Themes and Meanings

(Critical Guide to British Fiction)

Girl, 20 is a comic indictment of contemporary society’s spiritual bankruptcy, of a world not so much of immorality as of amoral unbelief. Centering on the witty insouciance of the narrator— who leers at his best friend’s daughter while he tries to save this same best friend’s reputation—the novel depicts contemporary life in roughly the same terms as a Restoration comedy of manners portraying the way of the world. The novel is, in fact, highly suggestive of that courtly form of drama in which men and women engage in witty verbal combat as a prelude to love, in which love is really only sex and in which sex is the final preoccupation of all that worldly wit and wisdom.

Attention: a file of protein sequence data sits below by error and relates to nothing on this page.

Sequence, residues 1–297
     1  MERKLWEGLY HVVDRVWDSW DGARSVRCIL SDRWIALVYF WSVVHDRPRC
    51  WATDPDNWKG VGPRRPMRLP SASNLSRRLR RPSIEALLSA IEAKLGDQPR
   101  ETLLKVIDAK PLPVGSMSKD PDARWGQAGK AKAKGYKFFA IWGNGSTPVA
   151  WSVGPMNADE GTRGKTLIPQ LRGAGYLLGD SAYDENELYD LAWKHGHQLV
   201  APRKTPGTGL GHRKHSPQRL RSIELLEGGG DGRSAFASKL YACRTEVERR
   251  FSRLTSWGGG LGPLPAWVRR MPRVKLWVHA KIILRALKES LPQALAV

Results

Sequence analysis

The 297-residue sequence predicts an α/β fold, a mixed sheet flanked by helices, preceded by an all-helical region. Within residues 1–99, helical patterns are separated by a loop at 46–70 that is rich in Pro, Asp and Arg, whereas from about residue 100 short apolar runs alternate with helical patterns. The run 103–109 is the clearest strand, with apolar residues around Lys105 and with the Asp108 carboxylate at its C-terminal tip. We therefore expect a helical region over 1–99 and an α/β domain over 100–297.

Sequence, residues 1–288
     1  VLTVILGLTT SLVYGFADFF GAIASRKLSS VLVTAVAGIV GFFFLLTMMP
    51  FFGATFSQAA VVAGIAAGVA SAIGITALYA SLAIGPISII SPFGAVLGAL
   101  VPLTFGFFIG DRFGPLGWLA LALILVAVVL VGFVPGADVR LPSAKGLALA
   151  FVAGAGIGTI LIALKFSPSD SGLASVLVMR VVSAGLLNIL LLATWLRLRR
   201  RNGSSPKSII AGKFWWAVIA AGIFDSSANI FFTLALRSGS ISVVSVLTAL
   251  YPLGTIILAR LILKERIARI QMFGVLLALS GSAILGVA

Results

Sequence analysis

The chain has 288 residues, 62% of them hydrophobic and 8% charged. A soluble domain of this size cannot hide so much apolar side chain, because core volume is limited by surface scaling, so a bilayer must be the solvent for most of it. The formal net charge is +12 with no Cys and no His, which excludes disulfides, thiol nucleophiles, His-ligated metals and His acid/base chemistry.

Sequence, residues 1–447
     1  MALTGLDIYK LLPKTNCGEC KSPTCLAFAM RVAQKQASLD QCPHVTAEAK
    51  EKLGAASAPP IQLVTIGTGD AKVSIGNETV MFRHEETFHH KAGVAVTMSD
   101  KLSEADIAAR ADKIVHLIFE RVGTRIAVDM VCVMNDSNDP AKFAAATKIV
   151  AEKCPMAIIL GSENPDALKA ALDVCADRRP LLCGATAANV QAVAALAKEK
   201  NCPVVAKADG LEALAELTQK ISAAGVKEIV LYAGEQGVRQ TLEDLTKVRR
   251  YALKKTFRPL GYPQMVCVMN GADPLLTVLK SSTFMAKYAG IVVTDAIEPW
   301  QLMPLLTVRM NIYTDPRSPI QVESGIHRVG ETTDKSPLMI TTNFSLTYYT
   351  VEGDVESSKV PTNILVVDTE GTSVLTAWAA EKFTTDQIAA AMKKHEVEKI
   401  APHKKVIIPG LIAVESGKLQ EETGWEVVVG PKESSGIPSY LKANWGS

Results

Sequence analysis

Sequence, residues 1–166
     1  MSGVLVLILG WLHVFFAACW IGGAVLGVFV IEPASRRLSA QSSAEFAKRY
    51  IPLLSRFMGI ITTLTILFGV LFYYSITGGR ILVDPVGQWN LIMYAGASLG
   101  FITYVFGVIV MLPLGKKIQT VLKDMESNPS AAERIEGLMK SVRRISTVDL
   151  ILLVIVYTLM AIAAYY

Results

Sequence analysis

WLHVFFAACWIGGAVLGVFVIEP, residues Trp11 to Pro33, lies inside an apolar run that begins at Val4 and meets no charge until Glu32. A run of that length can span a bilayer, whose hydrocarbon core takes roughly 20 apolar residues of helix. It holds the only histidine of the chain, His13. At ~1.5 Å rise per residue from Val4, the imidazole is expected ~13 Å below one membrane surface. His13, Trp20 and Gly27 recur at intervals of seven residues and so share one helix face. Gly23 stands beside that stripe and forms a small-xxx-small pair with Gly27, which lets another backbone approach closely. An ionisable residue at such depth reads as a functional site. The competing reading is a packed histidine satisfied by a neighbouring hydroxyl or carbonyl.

As in Restoration comedy, sex in Girl, 20 is the controlling fact of life, the matrix of human behavior. Yet the comedy is also too deep for laughter. Sex, the ultimate act in a healthy relationship, is for the characters in this novel a purely physical experience, not an ultimate act but a final one. It is an act that does not consummate love but signals desperation—a frenzied escape from age, from mediocrity, from responsibility, from commitment. “We’re all free now,” says Penny in the last line of the book. Yet that freedom is not a liberty of spirit, but an estrangement, a disconnection, a dissolution of all meaningful relationships.